- The metadata must conform to the type and aspect definitions configured in Alfresco (including mandatory fields, constraints, and data types). Any violations will terminate the bulk import process.
- Associations between content items loaded by the tool are not yet nicely supported. Associations to objects that are already in the repository can be created using the NodeRef of the target object as the value of the property.
- Non-string data types (including numeric and date types) have not been exhaustively tested. Date values have been tested and do work when specified using ISO8601 format.
- Updating the aspects or metadata on existing content will not remove any existing aspects not listed in the new metadata file; this tool is not intended to provide a full filesystem synchronisation mechanism.
- The metadata loading facility can be used to decorate content that's already in the Alfresco repository, without having to upload that content again. To use this, create a "naked" metadata file in the same path as the target content file. The tool will match it up with the file in the repository and decorate that existing file with the new aspect(s) and/or metadata
Version History files
The import tool also supports loading a version history for each file. To do this, create a file with the same name as the main file, but append it with a "v#" extension. For example:
IMG_1967.jpg.v1 <- version 1 content IMG_1967.jpg.v2 <- version 2 content IMG_1967.jpg <- "head" (latest) revision of the content
This also applies to metadata files if you want to capture metadata history as well. For example:
IMG_1967.jpg.metadata.properties.xml.v1 <- version 1 metadata IMG_1967.jpg.metadata.properties.xml.v2 <- version 2 metadata IMG_1967.jpg.metadata.properties.xml <- "head" (latest) revision of the metadata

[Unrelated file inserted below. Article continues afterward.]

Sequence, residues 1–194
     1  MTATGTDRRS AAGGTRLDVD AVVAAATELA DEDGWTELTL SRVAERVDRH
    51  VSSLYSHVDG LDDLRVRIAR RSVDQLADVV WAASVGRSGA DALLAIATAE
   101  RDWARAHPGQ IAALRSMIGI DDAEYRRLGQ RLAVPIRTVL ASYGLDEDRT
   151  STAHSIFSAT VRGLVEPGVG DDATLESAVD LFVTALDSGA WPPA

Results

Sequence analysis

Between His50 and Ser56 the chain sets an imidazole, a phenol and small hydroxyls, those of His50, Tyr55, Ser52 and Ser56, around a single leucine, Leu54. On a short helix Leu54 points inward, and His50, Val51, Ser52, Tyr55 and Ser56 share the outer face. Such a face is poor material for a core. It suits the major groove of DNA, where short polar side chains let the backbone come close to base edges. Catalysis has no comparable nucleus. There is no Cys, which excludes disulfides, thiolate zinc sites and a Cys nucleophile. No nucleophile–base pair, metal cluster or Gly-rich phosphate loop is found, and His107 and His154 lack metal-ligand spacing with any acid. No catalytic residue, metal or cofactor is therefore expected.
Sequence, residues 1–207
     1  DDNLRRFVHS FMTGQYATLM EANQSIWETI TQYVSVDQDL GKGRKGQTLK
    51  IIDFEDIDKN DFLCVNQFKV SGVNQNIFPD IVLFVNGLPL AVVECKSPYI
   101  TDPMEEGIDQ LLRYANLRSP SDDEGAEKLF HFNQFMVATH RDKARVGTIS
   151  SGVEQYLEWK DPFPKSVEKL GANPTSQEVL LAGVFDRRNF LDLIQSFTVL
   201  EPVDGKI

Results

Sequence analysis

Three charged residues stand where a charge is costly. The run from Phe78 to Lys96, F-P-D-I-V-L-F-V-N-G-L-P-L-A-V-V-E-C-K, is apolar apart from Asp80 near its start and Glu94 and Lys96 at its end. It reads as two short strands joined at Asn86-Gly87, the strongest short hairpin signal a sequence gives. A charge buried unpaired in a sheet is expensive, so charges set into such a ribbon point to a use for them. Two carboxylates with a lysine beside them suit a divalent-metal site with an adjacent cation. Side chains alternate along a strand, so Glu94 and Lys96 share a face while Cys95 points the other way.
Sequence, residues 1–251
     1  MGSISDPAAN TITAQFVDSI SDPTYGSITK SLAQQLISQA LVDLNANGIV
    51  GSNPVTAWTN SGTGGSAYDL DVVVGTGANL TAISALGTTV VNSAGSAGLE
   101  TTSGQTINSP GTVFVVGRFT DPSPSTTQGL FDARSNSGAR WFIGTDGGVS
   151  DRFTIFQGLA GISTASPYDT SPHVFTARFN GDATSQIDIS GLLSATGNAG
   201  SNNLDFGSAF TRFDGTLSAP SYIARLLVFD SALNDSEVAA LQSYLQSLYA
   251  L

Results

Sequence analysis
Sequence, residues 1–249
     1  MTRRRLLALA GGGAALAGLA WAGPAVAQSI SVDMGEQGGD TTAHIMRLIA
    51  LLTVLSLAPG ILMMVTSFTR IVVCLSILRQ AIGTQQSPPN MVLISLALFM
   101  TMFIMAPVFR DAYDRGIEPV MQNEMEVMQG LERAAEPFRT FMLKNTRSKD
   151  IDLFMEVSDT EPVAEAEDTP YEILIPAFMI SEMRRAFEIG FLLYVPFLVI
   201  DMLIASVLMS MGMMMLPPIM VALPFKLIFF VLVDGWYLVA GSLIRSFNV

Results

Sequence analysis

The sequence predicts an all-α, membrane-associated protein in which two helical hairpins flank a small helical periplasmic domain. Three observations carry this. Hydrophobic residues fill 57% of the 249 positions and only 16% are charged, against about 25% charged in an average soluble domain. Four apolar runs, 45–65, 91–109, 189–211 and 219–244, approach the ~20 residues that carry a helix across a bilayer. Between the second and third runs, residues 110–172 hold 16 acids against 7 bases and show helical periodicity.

Additional notes on version history loading:
- You cannot create a new node based on a version history only. You must have a head revision of the file.
- Version numbers don't have to be contiguous. You can number your version files however you want, provided you use whole numbers (integers).
- The version numbers in your version files will not be used in Alfresco. The version numbers in Alfresco will be contiguous, starting at 1.0 and increasing by 1.0 for every version (so 1.0, 2.0, 3.0, etc. etc.). Alfresco doesn't allow version labels to be set to arbitrary values, and currently the bulk import doesn't provide any way to specify whether a given version should have a major or minor increment.
- Each version can contain a content update, a metadata updat,e or both - you are not limited to updating everything for every version. If not included in a version, the prior version's content or metadata will remain in place for the next version.
The following example shows all possible combinations of content, metadata, and version files:
IMG_1967.jpg.v1 <- version 1 content IMG_1967.jpg.metadata.properties.xml.v1 <- version 1 metadata IMG_1967.jpg.v2 <- version 2 content IMG_1967.jpg.metadata.properties.xml.v2 <- version 2 metadata IMG_1967.jpg.v3 <- version 3 content (content only version) IMG_1967.jpg.metadata.properties.xml.v4 <- version 4 metadata (metadata only version) IMG_1967.jpg.metadata.properties.xml <- "head" (latest) revision of the metadata IMG_1967.jpg <- "head" (latest) revision of the content